Friday, August 27, 2010

Nailbiter in Australia -- if only this happened in Canada

Talk about a nail-biter!   A week after the 2010 Aussie elections, we finally have some preliminary results.   With 83.2% of the votes counted and a magic number of 76, the challenger Tony Abbott of the Liberal / National coalition has 73, the "incumbent" (if you ignore she shoved out Kevin Rudd in a coup) Julia Gillard of Labour has 72, the Greens 1 and 4 independents    One "National" from Western Australia has already pulled out of the caucus and will sit as an independent as well so it's actually a dead tie at 72 each.

Both Gillard and Abbott are claiming they won but for different reasons.  Gillard claims she won and has the right to govern based on leading in the two party preference percentage (Australia uses a preferential instant run-off ballot for the lower house and she is presumably in the lead after votes for minor parties have been redistributed after being knocked out).   Abbott claims that on the popular vote on the first round, he was in the lead by at least 800,000 votes and therefore he has the right to be the PM.

Oh to be one of the six MPs who now hold the balance of power.   The concessions they can wring out to be king or queen-maker.

Not to mention the chaos in the Australian Senate (where voters either choose one party list, or ranks all candidates in order of preference from 1 to x even if x runs into the low hundreds) -- with the Green Party now holding the balance of power there by a wide margin.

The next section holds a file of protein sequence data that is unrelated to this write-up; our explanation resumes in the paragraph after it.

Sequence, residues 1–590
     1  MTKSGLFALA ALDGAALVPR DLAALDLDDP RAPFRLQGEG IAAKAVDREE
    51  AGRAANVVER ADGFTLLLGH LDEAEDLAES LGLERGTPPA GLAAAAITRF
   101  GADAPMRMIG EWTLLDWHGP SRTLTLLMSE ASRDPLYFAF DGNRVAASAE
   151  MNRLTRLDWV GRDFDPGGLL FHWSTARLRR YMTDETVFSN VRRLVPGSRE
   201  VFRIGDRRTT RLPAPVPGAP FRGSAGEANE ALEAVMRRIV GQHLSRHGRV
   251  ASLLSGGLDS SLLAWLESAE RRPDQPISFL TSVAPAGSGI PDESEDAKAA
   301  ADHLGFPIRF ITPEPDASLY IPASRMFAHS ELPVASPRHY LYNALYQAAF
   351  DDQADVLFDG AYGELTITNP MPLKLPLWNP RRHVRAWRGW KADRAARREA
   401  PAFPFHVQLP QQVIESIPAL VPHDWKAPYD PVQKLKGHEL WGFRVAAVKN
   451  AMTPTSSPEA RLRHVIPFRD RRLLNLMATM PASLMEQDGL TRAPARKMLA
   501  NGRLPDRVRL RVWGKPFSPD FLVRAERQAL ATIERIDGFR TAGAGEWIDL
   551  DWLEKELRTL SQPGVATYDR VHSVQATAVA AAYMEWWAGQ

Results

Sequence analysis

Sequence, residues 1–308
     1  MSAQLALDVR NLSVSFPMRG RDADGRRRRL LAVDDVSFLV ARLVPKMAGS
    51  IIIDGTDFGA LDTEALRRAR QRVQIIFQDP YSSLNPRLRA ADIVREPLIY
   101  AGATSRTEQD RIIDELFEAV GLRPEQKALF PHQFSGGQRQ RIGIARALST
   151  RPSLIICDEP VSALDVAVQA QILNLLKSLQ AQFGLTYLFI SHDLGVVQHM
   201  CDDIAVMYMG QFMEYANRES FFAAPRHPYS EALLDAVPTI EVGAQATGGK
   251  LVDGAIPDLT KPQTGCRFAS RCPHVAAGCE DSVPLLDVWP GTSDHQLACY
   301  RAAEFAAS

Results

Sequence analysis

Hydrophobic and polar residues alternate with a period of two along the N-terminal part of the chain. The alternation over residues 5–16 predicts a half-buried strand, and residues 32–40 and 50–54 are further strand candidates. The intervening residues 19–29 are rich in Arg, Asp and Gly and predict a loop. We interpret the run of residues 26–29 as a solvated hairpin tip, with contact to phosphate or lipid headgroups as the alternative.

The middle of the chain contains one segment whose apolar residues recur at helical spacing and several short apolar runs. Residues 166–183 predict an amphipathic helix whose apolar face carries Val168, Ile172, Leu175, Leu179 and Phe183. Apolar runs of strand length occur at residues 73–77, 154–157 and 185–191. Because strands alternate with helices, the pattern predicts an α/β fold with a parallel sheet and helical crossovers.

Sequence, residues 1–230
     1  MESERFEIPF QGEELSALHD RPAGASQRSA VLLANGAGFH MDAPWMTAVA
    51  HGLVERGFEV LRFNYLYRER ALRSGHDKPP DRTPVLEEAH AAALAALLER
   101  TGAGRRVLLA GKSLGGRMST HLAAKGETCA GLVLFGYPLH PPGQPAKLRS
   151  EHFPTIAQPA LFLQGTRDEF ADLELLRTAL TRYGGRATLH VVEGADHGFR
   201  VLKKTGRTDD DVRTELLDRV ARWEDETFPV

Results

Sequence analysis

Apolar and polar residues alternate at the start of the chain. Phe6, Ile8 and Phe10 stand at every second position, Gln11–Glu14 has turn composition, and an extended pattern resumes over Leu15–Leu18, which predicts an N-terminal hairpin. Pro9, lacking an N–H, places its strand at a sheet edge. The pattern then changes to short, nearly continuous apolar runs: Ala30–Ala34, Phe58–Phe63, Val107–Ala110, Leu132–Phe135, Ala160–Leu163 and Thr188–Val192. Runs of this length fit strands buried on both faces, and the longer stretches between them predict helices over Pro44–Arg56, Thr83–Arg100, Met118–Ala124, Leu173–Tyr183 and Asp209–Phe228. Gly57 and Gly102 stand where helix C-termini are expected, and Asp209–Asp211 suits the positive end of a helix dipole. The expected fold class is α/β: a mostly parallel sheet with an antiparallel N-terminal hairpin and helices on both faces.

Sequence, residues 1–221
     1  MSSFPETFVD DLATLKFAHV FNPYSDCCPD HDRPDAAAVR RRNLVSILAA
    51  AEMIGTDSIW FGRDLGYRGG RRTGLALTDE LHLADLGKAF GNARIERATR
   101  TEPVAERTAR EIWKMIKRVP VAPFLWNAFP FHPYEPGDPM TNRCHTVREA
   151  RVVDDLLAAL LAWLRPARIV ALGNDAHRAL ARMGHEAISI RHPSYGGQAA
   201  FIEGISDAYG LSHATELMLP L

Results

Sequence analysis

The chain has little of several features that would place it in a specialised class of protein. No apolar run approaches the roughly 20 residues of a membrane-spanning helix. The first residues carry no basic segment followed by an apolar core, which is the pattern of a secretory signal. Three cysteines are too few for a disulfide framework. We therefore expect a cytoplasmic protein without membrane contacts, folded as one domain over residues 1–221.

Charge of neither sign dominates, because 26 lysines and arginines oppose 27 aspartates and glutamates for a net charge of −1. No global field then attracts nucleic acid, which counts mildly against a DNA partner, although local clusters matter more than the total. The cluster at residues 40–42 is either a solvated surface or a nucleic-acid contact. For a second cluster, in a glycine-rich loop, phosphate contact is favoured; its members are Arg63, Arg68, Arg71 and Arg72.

So unlike Canada where a minority party can rule as if it was the majority and does as long as it retains the "confidence" of the house.    Oh yeah, we have first past the post.   So many winners aren't really that, just the ones who got the plurality (not the majority) of votes.

If we ever got our act straight and have real election reform in Canada, imagine how fun we'd have on election night .. or week.

Mind you, there is one huge difference between their federation and ours.   We have an entrenched bill of rights.   They don't at the federal level (although the national capital, Canberra, and the state of Victoria have in their basic laws).   Even the British, which have experimented with one for a dozen years (when they merely adopted the European Charter as domestic legislation), were thinking of limiting its application or withdrawing from the treaty all together (although at present the law allows both the courts as well as Parliament or the devolved legislatures to adopt a "declaration of incompatibility") but the coalition ruling there now says they'll leave well enough alone for the time being; and by next year the country will have a national version of PR anyway, as they do now for Wales, Scotland and Northern Ireland.

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1 comment:

Radical Centrist said...

"by next year the country will have a national version of PR anyway"

Only if the referendum on AV is successful, and there's certainly no guarantee of that. The Conservatives are against it, and even though Labour had proposed AV before the election, they're planning to campaign against it out of spite for the Lib Dems. Plus, a lot of people who want real PR (including a lot of Lib Dems) don't want AV.